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I Am That Old Woman
And I'm fine with it. You should be, too.
There was a story going viral a while back about an old woman who took down a cashier because the cashier told her using plastic bags was a no-no in this new environmentally aware society. The old woman spent 10 minutes holding up the line, first annoying, then enchanting the crowd as she talked about recyclable glass bottles, paper bags, cloth diapers, push mowers, vehicles that didn’t guzzle gas, gadgets that didn’t need walls full of plugs, accessories that didn’t need satellites to make them operable — stuff like that.
The story may or may not be apocryphal, but it’s everywhere. In some versions the old woman is described as “elderly”, as if to make sure we understand just how awesome this story is. She had lived in an era that no longer exists, that most don’t remember, and, man, wasn’t she wonderful? Who knew? Yay!
I’ve always hated that word “elderly” and now that it appears to apply to me, I hate it even more. It’s a sniffy, insulting descriptor having nothing to do with the honorific, “elder”.
If you call me elderly it tells me you’ve put me in a box that separates me, that diminishes me, that labels me as a freakish anachronism only good for studying — as if, at 85 years old, I’m an anthropological wonder, a fragile specimen threatening to go extinct at any moment.
If you tie a glossy ribbon around me, if you talk to me softly (or loudly, in case you think I’m deaf), if you treat me as if I have a “Handle With Care” sticker on me, you don’t honor me, you insult me.
My age and the condition of my body does not define me, any more than those things define you, but I’m not Martha Stewart or Jane Fonda (Both my peers and looking great.) My gait, my stoop, my skin, my eyes, my hair, my voice — I can’t fool you. You’ll know instantly and you’ll change how you react to me. It’s inevitable.
But if I play my cards right, you’ll forget all that and pay attention to the person inside. If I can get you to shut your eyes and ignore the quaver in my voice we’ll be right there on the same plane. Not peers — that can’t happen — but equals.
And, as equals, we’ll be far more comfortable. I’ve been a kid, a grown-up, a wife, a mom, a grandmother, a traveler, a supermarket cashier, a long-distance operator, a real estate agent, a receptionist, a secretary, a paraprofessional, a professional writer, a conference speaker, a creative writing instructor, a grant recipient, and, currently, a blogger who sometimes pretends her keyboard is as mighty as Excalibur. (Opinions, you may have noticed, are my thing.)
I have a Linkedin page, two Facebook pages, and a Twitter page with over 7000 followers. (Chicken feed for some, but “Trending on Twitter” used to be on my bucket list.)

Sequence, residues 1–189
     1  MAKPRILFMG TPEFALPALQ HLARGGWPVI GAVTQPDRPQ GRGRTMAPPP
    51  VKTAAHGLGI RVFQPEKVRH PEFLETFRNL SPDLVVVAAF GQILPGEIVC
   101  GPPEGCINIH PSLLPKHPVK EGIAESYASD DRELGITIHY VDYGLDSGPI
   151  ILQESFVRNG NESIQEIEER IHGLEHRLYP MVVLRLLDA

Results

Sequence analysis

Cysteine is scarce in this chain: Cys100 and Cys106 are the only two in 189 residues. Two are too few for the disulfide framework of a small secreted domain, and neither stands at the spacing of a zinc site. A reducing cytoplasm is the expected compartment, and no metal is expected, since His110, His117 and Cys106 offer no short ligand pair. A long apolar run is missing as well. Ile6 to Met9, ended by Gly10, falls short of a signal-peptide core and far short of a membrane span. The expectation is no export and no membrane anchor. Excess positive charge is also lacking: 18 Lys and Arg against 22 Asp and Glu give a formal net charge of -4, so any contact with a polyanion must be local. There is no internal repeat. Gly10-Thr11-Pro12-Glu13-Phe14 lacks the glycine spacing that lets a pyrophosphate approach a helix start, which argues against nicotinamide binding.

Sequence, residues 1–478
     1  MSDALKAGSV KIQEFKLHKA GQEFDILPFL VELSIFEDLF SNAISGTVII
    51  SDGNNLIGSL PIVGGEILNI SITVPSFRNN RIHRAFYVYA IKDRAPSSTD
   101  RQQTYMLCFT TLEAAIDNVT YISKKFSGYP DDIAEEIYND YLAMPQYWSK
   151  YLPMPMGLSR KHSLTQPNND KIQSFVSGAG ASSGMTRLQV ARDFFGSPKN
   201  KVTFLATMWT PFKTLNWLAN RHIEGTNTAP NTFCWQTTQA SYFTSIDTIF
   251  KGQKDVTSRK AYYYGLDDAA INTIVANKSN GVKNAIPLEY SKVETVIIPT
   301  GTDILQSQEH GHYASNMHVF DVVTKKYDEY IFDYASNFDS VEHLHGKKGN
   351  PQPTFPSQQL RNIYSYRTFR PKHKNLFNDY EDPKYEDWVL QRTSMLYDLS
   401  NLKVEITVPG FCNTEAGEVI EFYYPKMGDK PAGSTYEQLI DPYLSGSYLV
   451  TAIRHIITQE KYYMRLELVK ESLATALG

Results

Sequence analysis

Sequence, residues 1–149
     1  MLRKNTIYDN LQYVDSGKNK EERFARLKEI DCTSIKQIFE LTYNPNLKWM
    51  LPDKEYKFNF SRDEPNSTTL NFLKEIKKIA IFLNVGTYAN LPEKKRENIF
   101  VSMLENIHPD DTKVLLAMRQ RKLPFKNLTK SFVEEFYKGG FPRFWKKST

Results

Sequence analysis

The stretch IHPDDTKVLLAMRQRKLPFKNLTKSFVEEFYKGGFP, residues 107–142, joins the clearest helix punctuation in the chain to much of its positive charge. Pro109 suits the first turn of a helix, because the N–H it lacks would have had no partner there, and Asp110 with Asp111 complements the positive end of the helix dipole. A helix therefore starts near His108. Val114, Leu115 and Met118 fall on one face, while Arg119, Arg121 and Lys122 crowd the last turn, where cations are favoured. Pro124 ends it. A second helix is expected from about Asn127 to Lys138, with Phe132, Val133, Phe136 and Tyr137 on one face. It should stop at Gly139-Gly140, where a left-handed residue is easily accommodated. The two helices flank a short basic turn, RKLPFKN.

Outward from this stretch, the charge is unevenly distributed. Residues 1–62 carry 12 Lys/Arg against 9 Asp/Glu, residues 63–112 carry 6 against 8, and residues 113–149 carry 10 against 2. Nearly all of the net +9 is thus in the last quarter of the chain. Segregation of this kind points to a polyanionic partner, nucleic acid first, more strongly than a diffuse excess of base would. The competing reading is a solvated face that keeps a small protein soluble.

There are some things I won’t do now. I probably won’t get to Europe or Asia or anywhere outside of North America. I won’t get a college degree. I won’t watch my great-grandchildren grow up. I won’t become an actress. I won’t sing with Tony Bennett. I won’t be that writer whose quotes can be Googled.
And you’ll be happy to know I won’t be running for public office.
Joe Biden just turned 80. Bernie Sanders is 81. Hillary Clinton is 74. Elizabeth Warren is 73. No matter what you think of any of them, their age should be way down on any list of qualifications, political or otherwise. They’re still dynamos, fit and active. (I do agree it’s time for Dianne Feinstein to retire. It happens. Not because she’s 90, but because she’s ailing.)
Those others know exactly how much energy and stamina it takes to campaign for and then do their jobs. They’re prepared for long days and sleepless nights and schedules that many young people couldn’t endure. If they’re not worried about their age, why should you be?
You might not want to admit it, but you’ve made this an ageist society. You give arbitrary cut-off dates for jobs old people might still qualify for, if only you could look past our appearance, or even our infirmities, and recognize our worth as still useful, still viable human beings. (See Norman Lear, Dolly Parton, Maxine Waters, and a host of others.)
If only you didn’t feel you have the right to decide for us.
How old is too old? Let us figure that out. Not all of us are so impaired we can no longer think for ourselves. If we are, then you get to interfere.
Not all of us need help getting through the day. If we do, we’ll let you know.
But a lot of us — millions of us — are okay with who we are, just as we are. Old. And if you don’t judge us for our age, we won’t judge you for yours.
Because — let me remind you— we’ve already been where you are now.
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